# Category Archives: Katas

The word ‘kata’ is defined as an exercise in karate where you repeat a form many, many times, making small improvements each time. We know this by a more common word ‘practice’. Code katas are designed to help you improve your programming skills, and are often used as interview questions.

# Memoization

A coworker and I were recently discussing SDE interview questions, and I proposed that one of them could involve the use of memoization, which stores calculated values so they don’t need to be recalculated later. He hadn’t dealt with memoization much, so I wrote up two little sampler programs to demonstrate the value it can add. These programs calculate the Nth Fibonacci number, in the typical lazy recursive way (iterative could be better since it wouldn’t require all those stack frames, but this is just to prove a point).

First, here is the non-memoized form:

```#include <iostream>

class Fibber
{
private:
std::map<unsigned int, double> _fibs;

public:
double fib_of(unsigned int idx)
{
if(idx <= 2)
{
return 1;
}

return fib_of(idx - 1) + fib_of(idx - 2);
}
};

int main()
{
Fibber x;

for(int i = 1; i <= 100; i++)
{
std::cout << x.fib_of(i) << std::endl;
}
}
```

Now, if we take that same program but add memoization:

```#include <iostream>
#include <map>

class Fibber
{
private:
std::map<unsigned int, double> _fibs;

public:
double fib_of(unsigned int idx)
{
if(idx <= 2)
{
return 1;
}

double ret = 0;
std::map<unsigned int, double>::iterator loc_iter = _fibs.find(idx);
if(loc_iter != _fibs.end())
{
ret = loc_iter->second;
}
else
{
double calculated = fib_of(idx - 1) + fib_of(idx - 2);
_fibs.insert(std::pair<unsigned int, double>(idx, calculated));
ret = calculated;
}

return ret;
}
};

int main()
{
Fibber x;

for(int i = 1; i <= 100; i++)
{
std::cout << x.fib_of(i) << std::endl;
}
}
```

The difference in performance between the two is night-and-day.

The non-memoized variety will slow to an unresponsive crawl in very short order, because it has to calculate all the values leading up to the current value, repeatedly for each value; it forgets all the interim values on the way.

The memoized version remembers the interim values, and therefor only calculates them once, storing each in the cache.

# Number System Interview Questions

The following 2 interview questions can help gauge whether a candidate understands number systems.

```//converts string '123' to numeric 123.
private static int Atoi(string number)
{
int result = 0;
int multiplier = 1;

for (int idx = number.Length - 1; idx >= 0; idx--)
{
char digitChar = number[idx];
int digitValue = digitChar - '0';
result += (digitValue * multiplier);
multiplier *= 10;
}

return result;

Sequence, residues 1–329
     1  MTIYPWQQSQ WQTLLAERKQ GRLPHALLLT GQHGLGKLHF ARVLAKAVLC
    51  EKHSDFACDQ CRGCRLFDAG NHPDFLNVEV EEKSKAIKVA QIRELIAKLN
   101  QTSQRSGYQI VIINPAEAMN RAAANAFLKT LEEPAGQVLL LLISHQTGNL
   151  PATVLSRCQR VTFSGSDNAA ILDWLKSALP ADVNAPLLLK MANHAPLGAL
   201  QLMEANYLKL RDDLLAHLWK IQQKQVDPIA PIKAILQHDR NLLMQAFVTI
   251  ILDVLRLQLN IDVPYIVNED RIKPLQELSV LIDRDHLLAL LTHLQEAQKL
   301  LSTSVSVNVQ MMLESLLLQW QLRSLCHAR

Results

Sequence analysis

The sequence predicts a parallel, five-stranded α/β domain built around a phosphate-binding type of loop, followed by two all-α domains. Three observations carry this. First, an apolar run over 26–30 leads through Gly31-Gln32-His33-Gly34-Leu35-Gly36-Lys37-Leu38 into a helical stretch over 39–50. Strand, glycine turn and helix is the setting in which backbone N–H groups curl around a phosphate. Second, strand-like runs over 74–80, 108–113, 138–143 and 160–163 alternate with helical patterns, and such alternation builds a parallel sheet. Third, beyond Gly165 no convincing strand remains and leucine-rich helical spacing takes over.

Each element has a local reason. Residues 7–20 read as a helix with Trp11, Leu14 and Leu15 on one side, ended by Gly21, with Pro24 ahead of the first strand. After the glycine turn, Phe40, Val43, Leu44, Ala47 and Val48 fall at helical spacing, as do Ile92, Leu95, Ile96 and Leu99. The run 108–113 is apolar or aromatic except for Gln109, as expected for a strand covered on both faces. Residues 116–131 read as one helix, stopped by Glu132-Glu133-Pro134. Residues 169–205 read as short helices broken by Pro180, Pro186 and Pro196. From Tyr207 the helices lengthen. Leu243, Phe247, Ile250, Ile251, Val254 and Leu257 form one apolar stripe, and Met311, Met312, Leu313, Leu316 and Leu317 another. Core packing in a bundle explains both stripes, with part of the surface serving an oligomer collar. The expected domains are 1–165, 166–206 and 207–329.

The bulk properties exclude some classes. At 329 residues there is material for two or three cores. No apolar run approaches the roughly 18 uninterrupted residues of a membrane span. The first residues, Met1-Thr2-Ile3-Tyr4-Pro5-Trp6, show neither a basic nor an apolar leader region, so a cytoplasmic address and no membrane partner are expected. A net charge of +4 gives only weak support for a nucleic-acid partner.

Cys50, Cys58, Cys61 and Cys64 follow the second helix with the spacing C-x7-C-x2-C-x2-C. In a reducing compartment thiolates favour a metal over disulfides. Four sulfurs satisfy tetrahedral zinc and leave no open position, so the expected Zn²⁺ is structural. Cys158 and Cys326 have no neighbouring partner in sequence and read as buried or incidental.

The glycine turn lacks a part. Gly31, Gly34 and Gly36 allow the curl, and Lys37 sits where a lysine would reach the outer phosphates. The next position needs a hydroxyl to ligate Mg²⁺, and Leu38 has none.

}

//determines the number of bits turned on in a number
private static int BitCount(int number)
{
int bits = 0;
while (number > 0)
{
bits += (number % 2);
number /= 2;
}

return bits;
}```

# Maximum Depth of Binary Tree

This is a common interview question: find the maximum depth of a binary tree by using recursion. The simplest answer looks like this:

```int getMaxDepth(Node node)
{
if(node == null) {
return 0;
}

int leftDepth = 1 + getMaxDepth(node.left);
int rightDepth = 1 + getMaxDepth(node.right);

return left > right ? left : right;
}```

# Find the intersection of 2 arrays

The following is an interview question used to determine if you understand pointers, even if your primary managed language doesn’t support the traditional notion of a pointer.

```public static T[] FindIntersectionOfSortedArrays(T[] a, T[] b) where T : IComparable
{
T[] answer = new T[a.length + b.length];

int aptr = 0;
int bptr = 0;

while (aptr < a.Length && bptr < b.Length)
{
if (a[aptr].Equals(b[bptr]))
{
aptr++;
bptr++;
}
else if (a[aptr].CompareTo(b[bptr]) < 0)
{
aptr++;
}
else
{
bptr++;
}
}

}```

# Zorro!

I’m doing some simplistic string exercises using some of the programming competition problems from years past at EWU. This one is called ‘Zorro’. It takes in an integer representing the width of a ‘Z’ which will be represented on the screen using the letters of the alphabet in sequence (circularly).

Example input:

`4`

Example output:

```abcd
e
f
ghij```

This is the main body of the code to do it:

```        private static void OutputZ(int widthX)
{
Console.WriteLine();

char c = 'z';
int posX = 0;

for (posX = 0; posX < widthX; posX++)
Console.Write(c = NextChar(c));

Console.WriteLine();

for (posX = widthX - 2; posX > 0; posX--)
{
for (int i = 0; i < posX; i++)
Console.Write(" ");

Console.WriteLine(c = NextChar(c));
}

for (posX = 0; posX < widthX; posX++)
Console.Write(c = NextChar(c));

Console.WriteLine();
}```

A very common interview question is to reverse a linked list without using recursion. If you’ve never done it before, this one can be challenging, especially if you don’t think visually.

The basic idea here is to keep a pointer to

1. The previous node so that you don’t lose what you’re going to point the current node’s next pointer at.
2. The current node.
3. The next node, so that when you point the current node’s next pointer at the previous node, you don’t lose the reference to move on to next.

From there, after pointing the current node’s next pointer to the previous node, you just ‘inchworm’ your way forward until you’ve hit all nodes. At the end repoint the head to be where you’re at.

Here’s some code:

```public void reverse() {

return;
}

Node previous = null;

while(next != null) {

current.next = previous;

previous = current;
current = next;
next = current.next;

}

current.next = previous;